|Night view of neon on Central Avenue in Albuquerque
The original 1926 Route 66 alignment created a large "S Curve" in New Mexico as it headed north to Santa Fe through Tecolate, Bernai, San Jose, Pecos and Glorieta Pass, and then back south to Albuquerque.
The 1926 alignment came into Albuquerque from Santa Fe on Highway 313, and ran through downtown north-to-south along 4th Street. Today the Barelas-South Fourth Street Historic District just south of downtown is a popular attraction, with shops, restaurants and other businesses.
Route 66 then continued south to Los Lunas, where it turned west to Laguna.
The 1926 alignment was replaced in 1937 with a more direct westward route into Albuquerque along Central Avenue, and then from Albuquerque directly to Laguna, and beyond to Gallup, following the current route of I-40 in many locales.
With realignments and road improvements, the distance of Route 66 in New Mexico was reduced to 399 miles by 1937.
Dozens of motels, cafes, gift shops and restaurants spring up along the route in Albuquerque. Some of these vintage motels remain, and historic neon signs still glow on old Route 66 through Albuquerque, now Central Avenue.
Tourism is a big industry in Albuquerque, hosting large numbers of Route 66 travelers and events such as the International Balloon Fiesta.
Home to eclectic shops and unique restaurants, Route 66 in Albuquerque is adorned with buzzing neon signs, vintage artifacts, and epitomizes the unique ABQ attitude. Visitors can experience an authentic fusion of old and new along Route 66 in Nob Hill, the University area, Downtown, and Historic Old Town.
Central Avenue underwent several transformations that have molded it into the main Albuquerque street that it is today. Present-day Central Avenue connects locals and visitors to the city’s diverse neighborhoods, each offering unique and authentic Albuquerque experiences.
Old Town is the historic heart of Albuquerque, featuring San Felipe de Neri Church, the oldest building in the city, unique museums, and more than more than 100 stores and 24 galleries.
Downtown has gradually transformed into an arts and entertainment district with a variety of bars, restaurants, galleries, and live music venues, as well as new residential space. Here visitors will find bustling nightlife along Central Avenue (former Route 66), including many nightclubs, theaters and restaurants. The Albuquerque Convention Center is located downtown and is close to several major hotels.
Nob Hill is a vibrant district with eclectic shops, swanky dining and chic nightspots. Its Route 66 architecture and neon signs, combined with predominantly locally owned shops, galleries and restaurants, make Nob Hill a hip and fashionable area.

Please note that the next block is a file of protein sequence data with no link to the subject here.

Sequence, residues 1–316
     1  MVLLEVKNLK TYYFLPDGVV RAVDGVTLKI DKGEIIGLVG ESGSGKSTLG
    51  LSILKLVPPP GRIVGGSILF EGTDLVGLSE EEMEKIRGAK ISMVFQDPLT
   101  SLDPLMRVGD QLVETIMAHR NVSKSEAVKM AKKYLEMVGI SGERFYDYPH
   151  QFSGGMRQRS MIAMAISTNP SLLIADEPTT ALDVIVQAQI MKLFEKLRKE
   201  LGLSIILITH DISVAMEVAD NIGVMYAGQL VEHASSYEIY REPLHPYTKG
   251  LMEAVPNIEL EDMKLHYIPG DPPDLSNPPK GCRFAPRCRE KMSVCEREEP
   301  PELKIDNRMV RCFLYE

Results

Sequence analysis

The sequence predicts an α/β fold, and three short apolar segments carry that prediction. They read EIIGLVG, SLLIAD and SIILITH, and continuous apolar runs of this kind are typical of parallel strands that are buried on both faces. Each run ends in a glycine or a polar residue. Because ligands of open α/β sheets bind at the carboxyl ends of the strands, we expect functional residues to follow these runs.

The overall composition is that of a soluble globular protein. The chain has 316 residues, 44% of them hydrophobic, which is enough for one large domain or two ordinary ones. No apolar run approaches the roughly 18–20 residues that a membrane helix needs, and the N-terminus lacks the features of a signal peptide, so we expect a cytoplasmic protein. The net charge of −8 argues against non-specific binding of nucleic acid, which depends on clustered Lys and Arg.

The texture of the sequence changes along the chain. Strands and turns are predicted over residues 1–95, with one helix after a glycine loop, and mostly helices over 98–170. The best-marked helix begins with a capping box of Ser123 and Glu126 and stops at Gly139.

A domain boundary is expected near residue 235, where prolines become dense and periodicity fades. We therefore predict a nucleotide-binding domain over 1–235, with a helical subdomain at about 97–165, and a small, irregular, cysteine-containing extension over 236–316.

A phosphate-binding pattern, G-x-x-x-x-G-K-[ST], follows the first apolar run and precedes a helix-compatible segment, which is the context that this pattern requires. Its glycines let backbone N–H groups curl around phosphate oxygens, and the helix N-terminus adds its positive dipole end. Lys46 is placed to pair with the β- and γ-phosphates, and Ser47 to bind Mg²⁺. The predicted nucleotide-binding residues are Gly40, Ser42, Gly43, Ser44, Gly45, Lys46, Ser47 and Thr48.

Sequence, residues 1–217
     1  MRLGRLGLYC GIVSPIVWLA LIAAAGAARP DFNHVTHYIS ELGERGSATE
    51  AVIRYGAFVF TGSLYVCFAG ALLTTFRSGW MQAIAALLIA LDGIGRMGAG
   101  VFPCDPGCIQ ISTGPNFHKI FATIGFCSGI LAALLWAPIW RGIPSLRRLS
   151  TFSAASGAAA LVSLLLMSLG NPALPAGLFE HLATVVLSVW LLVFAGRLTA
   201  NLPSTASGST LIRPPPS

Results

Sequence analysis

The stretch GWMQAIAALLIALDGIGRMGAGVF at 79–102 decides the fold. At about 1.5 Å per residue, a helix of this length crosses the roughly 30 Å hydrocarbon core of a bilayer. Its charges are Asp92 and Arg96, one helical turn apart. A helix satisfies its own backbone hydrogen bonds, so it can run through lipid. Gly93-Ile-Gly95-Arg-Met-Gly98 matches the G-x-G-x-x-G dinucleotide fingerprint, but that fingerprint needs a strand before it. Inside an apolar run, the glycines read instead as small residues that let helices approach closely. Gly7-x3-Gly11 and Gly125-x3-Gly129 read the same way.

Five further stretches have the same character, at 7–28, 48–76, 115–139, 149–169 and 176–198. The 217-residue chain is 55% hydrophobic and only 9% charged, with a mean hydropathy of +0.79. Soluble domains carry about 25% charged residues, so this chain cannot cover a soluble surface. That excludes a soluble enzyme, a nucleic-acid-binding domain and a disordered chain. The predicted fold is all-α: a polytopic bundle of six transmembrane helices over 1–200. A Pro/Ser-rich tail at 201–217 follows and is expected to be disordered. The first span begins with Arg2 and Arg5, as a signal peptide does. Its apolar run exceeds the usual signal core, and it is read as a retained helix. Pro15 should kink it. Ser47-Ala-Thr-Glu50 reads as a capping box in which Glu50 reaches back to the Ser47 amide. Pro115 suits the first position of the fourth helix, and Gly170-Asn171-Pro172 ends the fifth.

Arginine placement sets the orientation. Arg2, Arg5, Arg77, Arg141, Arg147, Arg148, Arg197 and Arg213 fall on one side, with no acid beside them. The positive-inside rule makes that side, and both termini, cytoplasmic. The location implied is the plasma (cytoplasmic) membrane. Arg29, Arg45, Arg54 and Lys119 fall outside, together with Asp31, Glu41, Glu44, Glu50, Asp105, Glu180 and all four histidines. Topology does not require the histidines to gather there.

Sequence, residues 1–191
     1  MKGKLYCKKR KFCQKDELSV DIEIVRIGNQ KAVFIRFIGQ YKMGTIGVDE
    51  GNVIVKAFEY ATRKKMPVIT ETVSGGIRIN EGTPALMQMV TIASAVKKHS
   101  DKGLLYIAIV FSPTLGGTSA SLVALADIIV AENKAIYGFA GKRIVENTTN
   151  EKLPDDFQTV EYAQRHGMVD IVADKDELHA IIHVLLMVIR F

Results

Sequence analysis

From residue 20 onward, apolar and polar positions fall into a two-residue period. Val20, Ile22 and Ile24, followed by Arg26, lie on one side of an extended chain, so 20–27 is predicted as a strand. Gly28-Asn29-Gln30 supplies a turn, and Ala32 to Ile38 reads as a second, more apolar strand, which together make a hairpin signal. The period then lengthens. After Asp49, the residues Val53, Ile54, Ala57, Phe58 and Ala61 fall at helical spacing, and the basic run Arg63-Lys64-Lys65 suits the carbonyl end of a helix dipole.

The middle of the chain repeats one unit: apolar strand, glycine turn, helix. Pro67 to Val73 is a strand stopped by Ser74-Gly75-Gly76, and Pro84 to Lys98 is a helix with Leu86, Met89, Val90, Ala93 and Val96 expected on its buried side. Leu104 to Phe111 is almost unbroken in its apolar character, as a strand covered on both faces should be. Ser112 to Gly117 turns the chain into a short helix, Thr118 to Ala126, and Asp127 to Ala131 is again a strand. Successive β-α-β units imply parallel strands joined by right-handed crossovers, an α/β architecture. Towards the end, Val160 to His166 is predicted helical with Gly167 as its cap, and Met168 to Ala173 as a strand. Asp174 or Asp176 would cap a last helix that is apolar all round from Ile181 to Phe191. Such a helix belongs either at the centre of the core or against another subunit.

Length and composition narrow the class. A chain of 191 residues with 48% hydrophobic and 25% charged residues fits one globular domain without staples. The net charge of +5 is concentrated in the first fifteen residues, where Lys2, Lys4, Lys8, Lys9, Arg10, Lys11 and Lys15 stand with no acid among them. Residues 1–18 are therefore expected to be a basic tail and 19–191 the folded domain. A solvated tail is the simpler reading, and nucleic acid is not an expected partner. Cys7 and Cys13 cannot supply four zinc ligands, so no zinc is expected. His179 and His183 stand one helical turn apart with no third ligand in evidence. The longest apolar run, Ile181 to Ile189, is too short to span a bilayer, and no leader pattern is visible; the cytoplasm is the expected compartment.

The city offers a variety of attractions and things to do for Route 66 travelers such as:
|West Central Visitor Center rendering by Mullen Heller Architect
Bernalillo County and the City of Albuquerque are developing the 21,000sqft Route 66 Visitor Center to be located at 12200 Central Avenue, atop Nine Mile Hill, near Atrisco Vista and I-40.
It will capitalize on the historic nature of the U.S. Route 66 and encourage motorists to get off the interstate to learn all about the city's heritage with the old road.
The $12 million multi-use facility will also house the New Mexico Music Hall of Fame, a taproom, gift shop and be available for special events. The outdoor market areas, including the parking lot, will be utilized for a makeshift drive-in theater, car shows, artisan pop ups, and other outdoor events. It is scheduled to open in 2023.
First look: Inside the Route 66 Visitor Center - KOB4 Albuquerue - 09/28/2022
Route 66 alignment in central New Mexico in 1926 and post-1937
|Anderson-Abruzzo International Balloon Museum in Albuquerque
|San Felipe de Neri Church in Albuquerque, New Mexico
|Sandia Peak Tramway
|Sunset over Albuquerque
|Balloon Festival Overview
|Production Credit Building
Located at 3rd Street SW and Gold Avenue SW in Albuquerque
|Little House Diner once occupied by Albuquerque Police, near the corner of Girard and Central Avenue. It is owned today by the Albuquerque Museum
Route 66 Diner
The Route 66 Diner is a much-photographed, internationally known restaurant, a hit with locals and tourists alike!